It seems very unfair that the people of the UK are forced into paying green tax on their energy bills to provide subsidies of £5.4 million for the university’s own hot water (from its biomass burning wood for energy in Guardbridge), plus contribute towards £2.7m+ a year (£54m over a 20-year contract) for their private wind turbines.

St Andrews University’s planned wind turbines are far too close to hundreds of homes, where children and adults health could be put at risk from the wind turbine noises and the 33kv cables buried just feet from their homes.

There has been no communications with the local people from university or 2020 Renewables except for a leaflet and two public meetings back in 2011. For the last two years, the university has sat on its hands and the local people believed they had seen what a disaster Kenly Wind Farm would be on this world renowned beautiful landscape around St Andrews. Hundreds of people around Kingsbarns and Dunino are hoping that the right decision is made by the councillors on August 10 at the meeting in County Buildings, Cupar, and that they will refuse any work from starting on this project. This application would only benefit 2020 Renewables and the university and they would be forcing up everyone’s energy bills and pushing more people into poverty.

Deborah Pender

St Andrews

Silly talk

I thank the several correspondents (August 4) who wrote in support of my letter (August 3) deploring the colossal overuse of the phrase “you know” and adding a few more of their own pet hates. It is comforting to know that I am not alone in being driven to distraction by silly utterances now in vogue.

While we are in full cry on this subject, may I add a few more vacuous utterances which drive me nuts.

In a bank, I was greeted by an ill clad youth with “Hiya”. Having stated my business he burbled “no problem” (it was), and on departing he breezed “see you later” which now seems to be the new “goodbye”.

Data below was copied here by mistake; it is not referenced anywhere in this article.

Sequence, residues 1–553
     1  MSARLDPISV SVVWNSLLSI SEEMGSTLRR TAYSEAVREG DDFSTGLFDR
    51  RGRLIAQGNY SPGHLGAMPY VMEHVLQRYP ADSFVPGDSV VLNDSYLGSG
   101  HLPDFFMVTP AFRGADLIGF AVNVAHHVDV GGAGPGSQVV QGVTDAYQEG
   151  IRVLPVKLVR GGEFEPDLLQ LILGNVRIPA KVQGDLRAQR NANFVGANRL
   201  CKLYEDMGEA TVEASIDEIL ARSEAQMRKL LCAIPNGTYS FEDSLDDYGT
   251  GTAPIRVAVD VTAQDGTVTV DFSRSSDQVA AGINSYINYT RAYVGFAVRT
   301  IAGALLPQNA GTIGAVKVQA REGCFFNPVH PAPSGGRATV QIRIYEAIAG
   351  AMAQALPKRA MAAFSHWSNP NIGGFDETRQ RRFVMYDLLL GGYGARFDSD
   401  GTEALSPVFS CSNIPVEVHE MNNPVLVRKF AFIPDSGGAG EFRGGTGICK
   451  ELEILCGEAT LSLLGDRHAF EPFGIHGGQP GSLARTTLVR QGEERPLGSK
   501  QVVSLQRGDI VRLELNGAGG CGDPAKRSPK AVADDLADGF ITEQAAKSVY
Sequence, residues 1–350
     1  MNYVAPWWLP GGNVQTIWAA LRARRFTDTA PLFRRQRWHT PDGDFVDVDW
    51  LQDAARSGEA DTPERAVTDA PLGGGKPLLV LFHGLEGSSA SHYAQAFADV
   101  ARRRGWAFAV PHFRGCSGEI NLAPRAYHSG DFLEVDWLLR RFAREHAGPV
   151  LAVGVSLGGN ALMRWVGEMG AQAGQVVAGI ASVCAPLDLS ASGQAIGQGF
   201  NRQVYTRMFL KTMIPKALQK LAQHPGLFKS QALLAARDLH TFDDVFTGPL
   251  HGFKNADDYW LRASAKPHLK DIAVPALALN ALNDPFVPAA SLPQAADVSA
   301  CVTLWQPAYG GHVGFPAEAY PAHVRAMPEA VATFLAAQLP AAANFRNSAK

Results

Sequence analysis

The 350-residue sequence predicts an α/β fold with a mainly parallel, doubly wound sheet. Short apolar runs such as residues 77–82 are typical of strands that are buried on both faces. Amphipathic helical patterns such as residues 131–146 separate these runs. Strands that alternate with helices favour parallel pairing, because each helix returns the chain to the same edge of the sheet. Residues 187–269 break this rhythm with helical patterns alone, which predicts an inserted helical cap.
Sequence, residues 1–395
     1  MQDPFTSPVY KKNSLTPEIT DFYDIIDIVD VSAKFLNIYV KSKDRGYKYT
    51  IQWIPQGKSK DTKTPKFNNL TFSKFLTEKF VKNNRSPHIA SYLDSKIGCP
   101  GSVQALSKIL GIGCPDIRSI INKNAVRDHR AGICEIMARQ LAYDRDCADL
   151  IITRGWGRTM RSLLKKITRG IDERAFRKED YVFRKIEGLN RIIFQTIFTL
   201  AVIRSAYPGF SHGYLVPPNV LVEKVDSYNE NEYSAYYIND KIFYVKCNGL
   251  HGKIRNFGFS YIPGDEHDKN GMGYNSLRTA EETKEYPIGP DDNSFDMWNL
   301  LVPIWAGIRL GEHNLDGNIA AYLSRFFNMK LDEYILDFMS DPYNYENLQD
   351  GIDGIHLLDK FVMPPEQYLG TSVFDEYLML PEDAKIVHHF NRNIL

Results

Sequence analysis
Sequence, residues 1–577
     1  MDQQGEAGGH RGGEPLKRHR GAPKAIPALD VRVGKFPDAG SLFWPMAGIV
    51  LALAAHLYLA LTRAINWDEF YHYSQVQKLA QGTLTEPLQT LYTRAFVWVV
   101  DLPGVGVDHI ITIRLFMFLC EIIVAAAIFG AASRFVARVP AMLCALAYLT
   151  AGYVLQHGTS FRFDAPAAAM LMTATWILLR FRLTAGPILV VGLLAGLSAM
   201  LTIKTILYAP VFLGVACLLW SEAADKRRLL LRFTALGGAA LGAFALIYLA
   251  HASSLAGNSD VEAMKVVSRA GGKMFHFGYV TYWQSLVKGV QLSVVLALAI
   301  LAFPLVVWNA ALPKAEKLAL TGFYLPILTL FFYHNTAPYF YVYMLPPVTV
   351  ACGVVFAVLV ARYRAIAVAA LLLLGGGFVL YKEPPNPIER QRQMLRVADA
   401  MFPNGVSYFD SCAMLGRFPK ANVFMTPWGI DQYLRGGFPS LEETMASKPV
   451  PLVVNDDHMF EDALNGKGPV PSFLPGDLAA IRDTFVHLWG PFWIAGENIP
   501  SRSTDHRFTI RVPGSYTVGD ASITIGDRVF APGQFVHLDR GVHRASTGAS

Recently, in a supermarket, the check-out girl concluded my payment with “see you later”. I replied: “Okay what time do you finish?” Her expression of bemused bafflement was comical to behold.

David Hollingdale

Easter Park Drive, Edinburgh

In good faith

Anthony Horan writes on Christian faith in public life (August 4). To his credit he acknowledges that a recent Scottish Social Attitudes survey shows more than half of Scots do not identify with any religion: Christianity is now a subset of a minority. We agree that all have the “right to a voice in the public square” if it is from a platform of equality, but Mr Horan’s argument is compromised when he says that religious ideas should be “welcomed without fear or favour”. There is huge favour still enjoyed by religions: unelected clerics on council education committees, statutory religious observance in state schools and bishops in the House of Lords etc.

An “overwhelming majority” of Scots may identify as “spiritual” but that does not mean they tacitly endorse the privileging of minority Christian groups.

He says “Faith and belief in a constant and ever-loving God can guide us.” Faith is a “guide” for you Mr Horan, and long may it continue to be, but you must get over the belief that you speak for “us”.

Neil Barber

Edinburgh Secular Society, Saughtonhall Drive